The Johnson County Comprehensive Plan resolution was passed in a regularly scheduled commissioners meeting Monday and will provide a guideline for the county to seek both financial and infrastructural improvements to the region.
Johnson County initiated a study in 2008 looking to fulfill an obligation to the Southernmost Illinois Delta Empowerment Zone (SIDEZ) program, which called for communities to create a plan to include strategic vision for change, economic opportunity, sustainable community development and community-based partnerships. The plan was actualized in 2009 and completed in late 2010 and put together in 2011.
The document is some 80 pages that summarize Johnson County from its history to its demographics. The study includes such factors as wind, forest, geology, soil and water resources as examples of ways to seek improvements in the economic outlook of the county. In the area of wind, the study determined that the potential for large wind farms is limited, whereas in natural amenities such as lakes, relatively mild winters, topography and recreational areas the study determined the county has good potential to develop as a retirement destination.
By passing a resolution to adopt the Comprehensive Plan, the commissioners did not obligate the county to actually use or act on any part of the study, but rather set forth a commitment to use the study to seek out improvements. The Planning Commission set out to establish goals and objectives based on their importance and their ability to be implemented, according to the documents presented to the commissioners Monday. A sophisticated scoring system was created to help Commission members focus on those objectives that they felt would be important for future policy makers to implement while still prioritizing them by importance.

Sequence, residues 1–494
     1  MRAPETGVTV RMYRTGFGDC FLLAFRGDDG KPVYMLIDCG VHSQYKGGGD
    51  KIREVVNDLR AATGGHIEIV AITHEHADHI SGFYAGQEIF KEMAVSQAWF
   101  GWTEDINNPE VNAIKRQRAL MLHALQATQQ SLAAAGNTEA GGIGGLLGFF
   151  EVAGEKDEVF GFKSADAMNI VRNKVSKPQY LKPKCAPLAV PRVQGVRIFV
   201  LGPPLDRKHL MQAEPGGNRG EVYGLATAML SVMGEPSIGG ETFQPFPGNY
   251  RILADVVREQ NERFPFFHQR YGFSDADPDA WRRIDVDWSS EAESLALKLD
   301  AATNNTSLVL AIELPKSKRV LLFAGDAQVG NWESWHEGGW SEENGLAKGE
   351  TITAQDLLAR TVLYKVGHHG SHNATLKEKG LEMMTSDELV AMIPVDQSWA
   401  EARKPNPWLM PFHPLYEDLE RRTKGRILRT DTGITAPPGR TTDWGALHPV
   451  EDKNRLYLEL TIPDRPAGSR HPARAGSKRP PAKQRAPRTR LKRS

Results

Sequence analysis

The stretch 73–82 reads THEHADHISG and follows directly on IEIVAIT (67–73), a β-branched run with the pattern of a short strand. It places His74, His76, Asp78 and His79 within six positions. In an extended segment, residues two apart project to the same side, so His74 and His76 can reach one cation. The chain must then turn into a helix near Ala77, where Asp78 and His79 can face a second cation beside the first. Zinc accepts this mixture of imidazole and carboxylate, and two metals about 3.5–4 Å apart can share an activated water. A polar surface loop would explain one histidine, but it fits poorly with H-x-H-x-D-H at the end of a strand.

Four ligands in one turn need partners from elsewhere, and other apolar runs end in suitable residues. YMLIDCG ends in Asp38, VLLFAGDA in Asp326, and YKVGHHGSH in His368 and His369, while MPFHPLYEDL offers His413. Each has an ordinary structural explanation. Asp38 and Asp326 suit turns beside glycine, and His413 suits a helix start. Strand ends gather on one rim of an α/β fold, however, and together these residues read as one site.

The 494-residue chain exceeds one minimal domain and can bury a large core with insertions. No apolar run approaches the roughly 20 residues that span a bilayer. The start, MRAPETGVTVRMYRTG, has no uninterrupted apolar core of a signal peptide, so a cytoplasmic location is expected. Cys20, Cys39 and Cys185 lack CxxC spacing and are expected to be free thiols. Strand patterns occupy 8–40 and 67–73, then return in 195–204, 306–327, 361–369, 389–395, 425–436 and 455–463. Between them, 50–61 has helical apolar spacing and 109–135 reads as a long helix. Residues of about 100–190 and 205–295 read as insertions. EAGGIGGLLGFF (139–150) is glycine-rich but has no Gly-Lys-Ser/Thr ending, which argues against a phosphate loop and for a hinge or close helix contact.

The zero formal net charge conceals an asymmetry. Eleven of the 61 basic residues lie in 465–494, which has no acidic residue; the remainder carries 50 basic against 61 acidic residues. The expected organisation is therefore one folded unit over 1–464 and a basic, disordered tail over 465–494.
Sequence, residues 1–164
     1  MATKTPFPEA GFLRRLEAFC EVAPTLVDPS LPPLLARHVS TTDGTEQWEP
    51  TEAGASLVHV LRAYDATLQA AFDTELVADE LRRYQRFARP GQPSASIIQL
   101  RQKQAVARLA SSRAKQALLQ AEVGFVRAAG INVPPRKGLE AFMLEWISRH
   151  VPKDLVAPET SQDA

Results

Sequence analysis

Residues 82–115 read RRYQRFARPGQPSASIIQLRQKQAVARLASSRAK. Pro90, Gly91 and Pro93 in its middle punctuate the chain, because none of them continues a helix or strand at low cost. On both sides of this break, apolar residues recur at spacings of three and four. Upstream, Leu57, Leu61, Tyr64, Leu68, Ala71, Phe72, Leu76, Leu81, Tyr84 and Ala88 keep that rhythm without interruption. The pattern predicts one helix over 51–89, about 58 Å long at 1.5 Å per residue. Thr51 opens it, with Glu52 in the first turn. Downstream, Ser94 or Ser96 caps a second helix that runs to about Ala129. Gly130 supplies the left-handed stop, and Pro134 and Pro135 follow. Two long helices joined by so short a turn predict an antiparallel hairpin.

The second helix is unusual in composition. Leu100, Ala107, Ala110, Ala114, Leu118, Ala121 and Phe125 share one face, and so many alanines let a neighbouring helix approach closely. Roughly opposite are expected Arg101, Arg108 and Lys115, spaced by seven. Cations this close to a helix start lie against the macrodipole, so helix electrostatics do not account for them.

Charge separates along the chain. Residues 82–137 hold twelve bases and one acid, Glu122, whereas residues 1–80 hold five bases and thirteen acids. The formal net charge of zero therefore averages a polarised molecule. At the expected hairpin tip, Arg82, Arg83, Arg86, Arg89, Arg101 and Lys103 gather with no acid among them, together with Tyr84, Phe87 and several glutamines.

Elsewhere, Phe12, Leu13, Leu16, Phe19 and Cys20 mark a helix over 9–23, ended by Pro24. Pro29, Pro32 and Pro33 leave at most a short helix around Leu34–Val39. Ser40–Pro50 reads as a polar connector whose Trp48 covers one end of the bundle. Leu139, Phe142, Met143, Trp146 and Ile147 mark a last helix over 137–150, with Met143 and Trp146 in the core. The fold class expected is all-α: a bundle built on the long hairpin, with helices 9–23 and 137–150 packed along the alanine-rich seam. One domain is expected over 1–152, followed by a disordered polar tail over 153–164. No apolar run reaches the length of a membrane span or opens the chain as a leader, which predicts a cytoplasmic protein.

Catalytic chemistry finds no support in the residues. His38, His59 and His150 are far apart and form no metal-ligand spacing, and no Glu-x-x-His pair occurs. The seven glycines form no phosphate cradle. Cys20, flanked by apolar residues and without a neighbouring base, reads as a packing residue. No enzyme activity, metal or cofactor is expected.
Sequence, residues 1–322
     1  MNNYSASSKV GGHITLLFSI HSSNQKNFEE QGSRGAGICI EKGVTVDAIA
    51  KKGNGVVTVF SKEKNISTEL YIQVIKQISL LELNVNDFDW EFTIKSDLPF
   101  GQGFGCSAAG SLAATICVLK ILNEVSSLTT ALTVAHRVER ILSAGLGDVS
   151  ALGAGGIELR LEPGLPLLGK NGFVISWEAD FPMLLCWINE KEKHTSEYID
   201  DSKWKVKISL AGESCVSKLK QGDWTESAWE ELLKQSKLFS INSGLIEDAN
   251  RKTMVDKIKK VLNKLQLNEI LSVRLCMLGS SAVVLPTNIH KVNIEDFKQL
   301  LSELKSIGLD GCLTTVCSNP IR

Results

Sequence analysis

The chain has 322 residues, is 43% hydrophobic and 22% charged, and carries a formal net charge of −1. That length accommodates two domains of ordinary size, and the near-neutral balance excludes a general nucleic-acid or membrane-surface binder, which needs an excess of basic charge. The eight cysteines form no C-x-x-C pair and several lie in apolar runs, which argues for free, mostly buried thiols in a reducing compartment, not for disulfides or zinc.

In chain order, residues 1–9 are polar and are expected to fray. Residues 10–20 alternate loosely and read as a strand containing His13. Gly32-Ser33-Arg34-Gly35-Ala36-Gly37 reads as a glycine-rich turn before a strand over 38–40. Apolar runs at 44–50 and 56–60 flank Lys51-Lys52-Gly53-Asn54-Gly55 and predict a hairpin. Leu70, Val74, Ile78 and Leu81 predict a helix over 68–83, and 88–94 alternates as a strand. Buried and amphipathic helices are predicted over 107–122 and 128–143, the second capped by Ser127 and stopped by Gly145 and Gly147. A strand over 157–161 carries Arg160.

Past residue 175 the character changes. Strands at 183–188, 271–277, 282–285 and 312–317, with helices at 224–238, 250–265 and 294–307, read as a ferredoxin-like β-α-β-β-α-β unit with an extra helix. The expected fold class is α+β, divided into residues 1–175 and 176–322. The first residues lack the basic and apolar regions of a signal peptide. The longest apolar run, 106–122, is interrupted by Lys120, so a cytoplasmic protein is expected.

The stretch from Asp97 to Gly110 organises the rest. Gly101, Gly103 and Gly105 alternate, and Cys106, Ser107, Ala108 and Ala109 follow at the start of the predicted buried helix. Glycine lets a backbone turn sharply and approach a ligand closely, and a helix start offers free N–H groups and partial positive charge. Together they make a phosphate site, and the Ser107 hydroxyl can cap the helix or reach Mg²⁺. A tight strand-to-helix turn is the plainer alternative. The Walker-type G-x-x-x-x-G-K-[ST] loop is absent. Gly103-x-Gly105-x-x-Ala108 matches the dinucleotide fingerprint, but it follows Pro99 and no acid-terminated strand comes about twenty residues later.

Of 117 different objectives the Planning Commission looked at, Allow land owners to apply for permits to establish subdivisions in the County and to place restrictions (above those of the county) on construction and land uses within their subdivision, ranked first in both importance and implementation ability. The Planning Commission narrowed the scope of objectives to only include the top 24 emphasizing that it is the combined score of what is most desired to have combined with what is most likely obtainable.
The document concludes that the key to its success is its use and encourages the dissemination of the comprehensive plan to the public and to use it in conjunction with other tools including the County Plan Commission, Subdivision Ordinances and Capital Improvement Plan.
The Vienna Times and Goreville Gazette will present a deeper look at the complete document in a future article.
Also in the commissioners meeting the Feb. 27 minutes were approved, the Highway and County bills were approved for $30,726.62 and $70,312.89 respectively. The next meeting is scheduled for March 26 to begin at 3:30 p.m.